The outdoor chapel is nestled in a 70 year-old planted pine stand which in turn is part of the magnificent bush which comprises so much of the property that is known as Camp Brebeuf, located in Rockwood, Ontario. In essence, the chapel is a natural cathedral with the sky for a roof and the tall, slender pines forming the walls. The floor is carpeted with golden pine needles which are very comfortable to kneel on, and the door is an opening cut through some maples which thrive majestically at the entrance. The tops of the pine trees form a green, swaying canopy which keeps the floor area cool and shady, and provides the constant sound of the whispering wind.
This cathedral has no stained glass windows; however, the sun's rays penetrate the pines at such diverse angles that the light plays on the forest floor, continually changing the colours within as in some magical light show.
It was on June 10, in this pine cathedral that some members of the combined Conquest Clubs of Milton and Pickering attended a Sunday Mass celebrated by Father Thomas Murphy, who was aided by Brother John Choi, both of the Legionaries of Christ. The Mass was a part of the annual trip to Camp Brebeuf, led by district supervisor Carl Pinto, Milton Club supervisor Marvin Duarte, and Pickering supervisor Dave Wilson.
Some of the boys had spent a good portion of the morning setting up two small altars and decorating them with wild flowers, rocks collected from the surrounding hills and pieces of driftwood and pine cones. The altars were to be used during the Eucharistic procession which was to follow the Mass. The boys also carried a large wooden cross from one of the log cabins and placed it carefully in a pile of rocks at the entrance to the chapel as a sign of welcome and a beacon of our Christian Faith.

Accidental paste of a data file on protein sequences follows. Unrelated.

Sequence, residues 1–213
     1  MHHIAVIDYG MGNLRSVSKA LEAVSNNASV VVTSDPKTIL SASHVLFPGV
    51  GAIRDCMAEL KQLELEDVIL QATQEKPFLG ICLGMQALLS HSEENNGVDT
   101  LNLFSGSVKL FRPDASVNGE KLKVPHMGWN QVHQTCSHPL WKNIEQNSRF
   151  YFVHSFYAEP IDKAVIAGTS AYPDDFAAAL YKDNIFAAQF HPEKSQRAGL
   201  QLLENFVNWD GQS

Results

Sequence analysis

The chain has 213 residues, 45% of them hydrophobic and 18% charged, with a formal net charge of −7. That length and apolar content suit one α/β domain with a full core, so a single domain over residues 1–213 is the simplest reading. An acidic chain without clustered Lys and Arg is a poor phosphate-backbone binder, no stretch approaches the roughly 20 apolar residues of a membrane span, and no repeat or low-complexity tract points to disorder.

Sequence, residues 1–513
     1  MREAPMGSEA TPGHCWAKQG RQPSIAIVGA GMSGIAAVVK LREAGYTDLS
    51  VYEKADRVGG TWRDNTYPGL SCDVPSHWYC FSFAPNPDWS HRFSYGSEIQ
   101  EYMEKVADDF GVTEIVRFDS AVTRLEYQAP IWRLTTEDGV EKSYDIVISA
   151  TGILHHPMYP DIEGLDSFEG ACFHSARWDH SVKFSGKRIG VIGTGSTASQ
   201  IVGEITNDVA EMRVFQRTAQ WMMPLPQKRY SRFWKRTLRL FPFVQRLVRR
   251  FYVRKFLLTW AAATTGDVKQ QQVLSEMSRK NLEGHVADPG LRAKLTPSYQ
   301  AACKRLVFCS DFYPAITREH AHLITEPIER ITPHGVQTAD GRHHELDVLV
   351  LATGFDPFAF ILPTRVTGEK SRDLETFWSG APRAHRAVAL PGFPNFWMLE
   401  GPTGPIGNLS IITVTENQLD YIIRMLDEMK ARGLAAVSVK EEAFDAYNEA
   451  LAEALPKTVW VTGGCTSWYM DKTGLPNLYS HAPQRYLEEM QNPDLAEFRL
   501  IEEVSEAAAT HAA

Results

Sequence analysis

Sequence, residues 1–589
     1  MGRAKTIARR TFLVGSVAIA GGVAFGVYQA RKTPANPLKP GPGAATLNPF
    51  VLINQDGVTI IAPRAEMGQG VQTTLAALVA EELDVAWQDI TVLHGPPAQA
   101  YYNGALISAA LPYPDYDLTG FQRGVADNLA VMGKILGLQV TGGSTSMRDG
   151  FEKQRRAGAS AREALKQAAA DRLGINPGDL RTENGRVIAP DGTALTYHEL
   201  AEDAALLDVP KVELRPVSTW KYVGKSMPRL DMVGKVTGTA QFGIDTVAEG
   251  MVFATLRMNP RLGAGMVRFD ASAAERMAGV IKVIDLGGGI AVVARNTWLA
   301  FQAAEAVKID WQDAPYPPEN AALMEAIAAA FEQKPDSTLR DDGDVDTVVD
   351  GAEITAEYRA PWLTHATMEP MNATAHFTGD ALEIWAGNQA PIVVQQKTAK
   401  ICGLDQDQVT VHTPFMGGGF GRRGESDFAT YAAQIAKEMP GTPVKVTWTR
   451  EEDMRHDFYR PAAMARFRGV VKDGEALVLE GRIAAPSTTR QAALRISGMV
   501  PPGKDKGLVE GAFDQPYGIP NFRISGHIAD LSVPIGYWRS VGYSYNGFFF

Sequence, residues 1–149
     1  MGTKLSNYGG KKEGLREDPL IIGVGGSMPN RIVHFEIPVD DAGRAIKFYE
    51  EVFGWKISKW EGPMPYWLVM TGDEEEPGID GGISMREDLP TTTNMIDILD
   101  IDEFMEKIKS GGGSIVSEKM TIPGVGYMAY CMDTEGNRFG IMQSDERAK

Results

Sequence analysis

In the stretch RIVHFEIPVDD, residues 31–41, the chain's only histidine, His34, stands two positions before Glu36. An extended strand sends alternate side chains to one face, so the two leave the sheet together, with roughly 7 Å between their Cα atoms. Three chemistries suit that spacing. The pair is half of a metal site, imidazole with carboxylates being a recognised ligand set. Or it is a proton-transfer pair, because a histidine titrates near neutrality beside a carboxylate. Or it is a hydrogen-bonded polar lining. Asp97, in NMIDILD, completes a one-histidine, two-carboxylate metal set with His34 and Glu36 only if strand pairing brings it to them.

During the readings for the Mass of Corpus Christi, the voices of the Conquest boys rang out clearly in the pine cathedral, followed by Father Murphy's reading of the Gospel, and a homily about the universality of the Eucharist. As Father Murphy said, “There are places on this planet where you cannot buy a Coke, but no place where you will not find the Eucharist.” It was so quiet that you could have heard the proverbial pin drop, even on the pine needle floor.
After the final blessing, Father Murphy led a Eucharistic procession through the pine cathedral, stopping at each of the two altars, where everyone knelt down for prayers and adoration. The daisies on the altar were a brilliant white, illuminated by the sun's rays, andthe silence seemed to be broken by an inaudible prayer written on each boys' heart: “Thank you Lord for this special weekend.”
The boys had climbed rock faces with the skill of seasoned cliff climbers, traversed slippery and wet rope ladders thirty feet from the ground while overcoming their fear of heights. They had also paddled canoes beside a beaver dam, built raging camp fires deep in the dark woods, and roasted marshmallows in their glowing embers under the watchful eyes of a family of hungry racoons.
But the Mass and Eucharistic procession which took place in the golden confines of the Pine Cathedral was no doubt the climax of the weekend. For this was Conquest at its very best, forming young boys into strong and vibrant Catholics with a very healthy respect for theEucharist.
At a time when the press was trumpeting the fact that a recent poll found that two thirds of Irish Catholics do not believe in the Transubstantiation, there were the Conquest boys proving that their respect for the Eucharist is deep and abiding.
And as the boys sang “Holy God We Praise thy Name,” even the noisy blue jays settled down and left the morning to the praising of Jesus, and His Holy Name. These boys will now return to their everyday lives, enriched by nature and the renewal of faith that Conquest is so successful in doing.
As one boy said in answer to Father Murphy's question about the identity of Jesus: “He is the son of God.” That cry is still echoing throughout the deep dark forest of Camp Brebeuf and well beyond.
Thanks again Conquest!